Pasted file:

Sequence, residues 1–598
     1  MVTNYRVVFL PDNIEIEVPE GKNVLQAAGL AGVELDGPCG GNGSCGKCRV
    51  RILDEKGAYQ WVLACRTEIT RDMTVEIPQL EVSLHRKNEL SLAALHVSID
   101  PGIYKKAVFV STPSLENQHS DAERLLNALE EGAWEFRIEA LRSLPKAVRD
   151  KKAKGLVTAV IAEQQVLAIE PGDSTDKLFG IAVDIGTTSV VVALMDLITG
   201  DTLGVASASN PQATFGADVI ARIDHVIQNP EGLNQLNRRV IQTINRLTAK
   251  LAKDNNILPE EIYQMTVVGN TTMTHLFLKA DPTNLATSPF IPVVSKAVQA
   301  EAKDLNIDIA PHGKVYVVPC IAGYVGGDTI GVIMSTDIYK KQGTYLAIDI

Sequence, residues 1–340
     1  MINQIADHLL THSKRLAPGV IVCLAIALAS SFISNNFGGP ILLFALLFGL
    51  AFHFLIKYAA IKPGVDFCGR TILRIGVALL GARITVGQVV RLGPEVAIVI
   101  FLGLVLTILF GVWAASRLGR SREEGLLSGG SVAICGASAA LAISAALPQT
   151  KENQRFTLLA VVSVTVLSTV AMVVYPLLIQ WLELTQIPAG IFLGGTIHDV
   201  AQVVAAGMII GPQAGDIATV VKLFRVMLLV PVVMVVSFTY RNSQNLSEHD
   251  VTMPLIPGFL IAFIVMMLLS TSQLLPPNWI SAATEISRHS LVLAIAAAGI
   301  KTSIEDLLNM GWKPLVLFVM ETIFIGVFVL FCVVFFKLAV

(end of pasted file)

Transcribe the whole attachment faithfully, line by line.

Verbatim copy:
Sequence, residues 1–598
     1  MVTNYRVVFL PDNIEIEVPE GKNVLQAAGL AGVELDGPCG GNGSCGKCRV
    51  RILDEKGAYQ WVLACRTEIT RDMTVEIPQL EVSLHRKNEL SLAALHVSID
   101  PGIYKKAVFV STPSLENQHS DAERLLNALE EGAWEFRIEA LRSLPKAVRD
   151  KKAKGLVTAV IAEQQVLAIE PGDSTDKLFG IAVDIGTTSV VVALMDLITG
   201  DTLGVASASN PQATFGADVI ARIDHVIQNP EGLNQLNRRV IQTINRLTAK
   251  LAKDNNILPE EIYQMTVVGN TTMTHLFLKA DPTNLATSPF IPVVSKAVQA
   301  EAKDLNIDIA PHGKVYVVPC IAGYVGGDTI GVIMSTDIYK KQGTYLAIDI

Sequence, residues 1–340
     1  MINQIADHLL THSKRLAPGV IVCLAIALAS SFISNNFGGP ILLFALLFGL
    51  AFHFLIKYAA IKPGVDFCGR TILRIGVALL GARITVGQVV RLGPEVAIVI
   101  FLGLVLTILF GVWAASRLGR SREEGLLSGG SVAICGASAA LAISAALPQT
   151  KENQRFTLLA VVSVTVLSTV AMVVYPLLIQ WLELTQIPAG IFLGGTIHDV
   201  AQVVAAGMII GPQAGDIATV VKLFRVMLLV PVVMVVSFTY RNSQNLSEHD
   251  VTMPLIPGFL IAFIVMMLLS TSQLLPPNWI SAATEISRHS LVLAIAAAGI
   301  KTSIEDLLNM GWKPLVLFVM ETIFIGVFVL FCVVFFKLAV